A man has said that his wife wouldn’t sleep in the same bed as him – because his toes kept falling off.
In 2018, Simon Charlesworth, 61, found himself deeply unwell in hospital with the flu, pneumonia, and sepsis.
After being taken to the Princess of Wales Hospital in Bridgend, Wales, Simon had to be put into a coma by doctors and as he slowly recovered, his toes fell off one by one due to lack of circulation, WalesOnline reports.
“My wife refused to sleep in the same bed as me as she didn’t want to wake up with a detached toe beside her,” said Simon, from Brackla, Bridgend.
“Some have come off in my hand while applying antiseptic lotions, some in bed and, by far the worst, some have come off in the shower.
“Can you imagine putting your socks on in the morning and thinking ‘I’m sure that toe was there last night’?”
Simon said he woke up one morning thinking he just had the flu before things took a turn for the worse.
He said: “I woke up one morning and I felt like I had the flu. I thought I’d have a shower and see how I felt afterwards but I ended up pulling down the shower curtain.
“My wife came home in the afternoon from work and found me virtually unconscious on the bed in the spare room.”
Simon said he can only remember “bits and pieces” from then on, including his wife helping him down the stairs, her calling an ambulance, and the moment hospital staff told him he’d need to be put into a coma.
After coming round from the coma, Simon said the first thing he recalled was the terrible state of his toes which had turned black.
“I remember looking down at my toes and wondering why someone had put black finger bobs on them,” he said.
“At some point when I was in a coma my blood pressure dropped and they gave me [medication] to increase it rapidly again.
“But in doing so it pushed blood towards the organs while starving the extremities – it’s basically like suffering frostbite.
“The soles and heels of my feet came off all bar an inner layer of soft skin, my fingers peeled, my nose peeled, but luckily it was just my toes which got it really badly.”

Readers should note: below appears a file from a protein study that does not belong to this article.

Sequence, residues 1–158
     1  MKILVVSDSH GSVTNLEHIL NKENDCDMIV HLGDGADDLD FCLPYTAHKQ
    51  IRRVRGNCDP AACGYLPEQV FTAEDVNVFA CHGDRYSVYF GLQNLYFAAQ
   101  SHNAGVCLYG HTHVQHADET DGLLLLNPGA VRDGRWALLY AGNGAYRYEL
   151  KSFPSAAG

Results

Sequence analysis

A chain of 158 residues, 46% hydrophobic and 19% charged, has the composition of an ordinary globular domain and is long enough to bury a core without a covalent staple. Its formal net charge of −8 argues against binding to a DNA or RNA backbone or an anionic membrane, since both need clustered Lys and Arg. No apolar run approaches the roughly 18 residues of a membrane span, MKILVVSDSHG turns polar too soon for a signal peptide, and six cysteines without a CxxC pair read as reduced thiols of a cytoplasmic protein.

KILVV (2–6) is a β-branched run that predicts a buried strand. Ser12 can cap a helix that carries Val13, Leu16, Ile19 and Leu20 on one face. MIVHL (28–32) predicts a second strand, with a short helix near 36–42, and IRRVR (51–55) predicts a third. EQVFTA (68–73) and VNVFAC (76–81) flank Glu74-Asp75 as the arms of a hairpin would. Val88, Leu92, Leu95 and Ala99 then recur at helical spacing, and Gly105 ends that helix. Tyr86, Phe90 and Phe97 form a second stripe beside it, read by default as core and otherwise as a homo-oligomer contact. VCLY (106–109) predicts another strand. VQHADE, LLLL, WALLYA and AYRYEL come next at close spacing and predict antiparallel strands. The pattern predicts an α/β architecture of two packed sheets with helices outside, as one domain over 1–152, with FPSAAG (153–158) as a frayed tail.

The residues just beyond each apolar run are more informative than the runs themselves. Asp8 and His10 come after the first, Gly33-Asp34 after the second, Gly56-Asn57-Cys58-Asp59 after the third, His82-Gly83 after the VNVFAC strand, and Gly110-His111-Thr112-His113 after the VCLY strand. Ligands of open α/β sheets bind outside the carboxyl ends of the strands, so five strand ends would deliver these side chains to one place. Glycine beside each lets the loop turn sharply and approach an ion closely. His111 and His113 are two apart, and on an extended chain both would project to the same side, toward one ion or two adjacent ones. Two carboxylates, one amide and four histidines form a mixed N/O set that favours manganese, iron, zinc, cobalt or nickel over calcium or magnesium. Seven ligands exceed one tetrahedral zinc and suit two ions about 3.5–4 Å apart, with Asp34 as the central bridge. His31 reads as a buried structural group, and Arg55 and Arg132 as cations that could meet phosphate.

Following his discharge at the end of April 2018, Simon admitted that his wife of 35 years, Caroline, had to treat him “almost like a baby” for the first two months at home.
“I was basically sat in a chair dribbling. That’s probably the best way to describe me at that time,” he said.
Simon said his first black toe came off four months after his return home in August 2018.
“The actual falling off bit was not painful. I used to have a shower every day and then spray all my toes with antiseptic to try and stop any infections. The toe came off as I was rubbing it with Germolene,” he said.
“It was a shock more than anything else. Even though my toes were in a terrible state I still wasn’t expecting it to happen.”https://get-latest.convrse.media/?url=https%3A%2F%2Fwww.dailystar.co.uk%2Fnews%2Flatest-news%2Fmans-wife-refused-sleep-same-23356765&cre=bottom&cip=33&view=web
The last of his 10 toes finally dropped off around 18 months later in December 2019 – a moment of strange relief for Simon.
Commenting on the delay in his corrective surgery Greg Dix, director of nursing, midwifery and patient care for Cwm Taf Morgannwg University Health Board, said: “While we can’t comment on individual cases we are sorry if anyone has felt let down by the care or level of support received by our health board.
“As with all NHS organisations, the pandemic has created unprecedented issues for our organisation and has required some very difficult decisions to be made.
“These include pausing or limiting many services in the interests of patient and staff safety and focusing resources on responding to Covid-19 and patients who need the most urgent care.
“We recognise that postponing treatments is upsetting for patients and this is never something we do lightly. However patient care and safety has always remained of the utmost importance in making these decisions.
“Our teams are continuing to work really hard to provide this urgent care to our patients during these unprecedented times.
We are also looking at ways we can provide alternative support to patients waiting for elective treatment to help them manage their conditions and we would encourage anyone who has any concerns or worries to contact us so we can discuss their care with them.”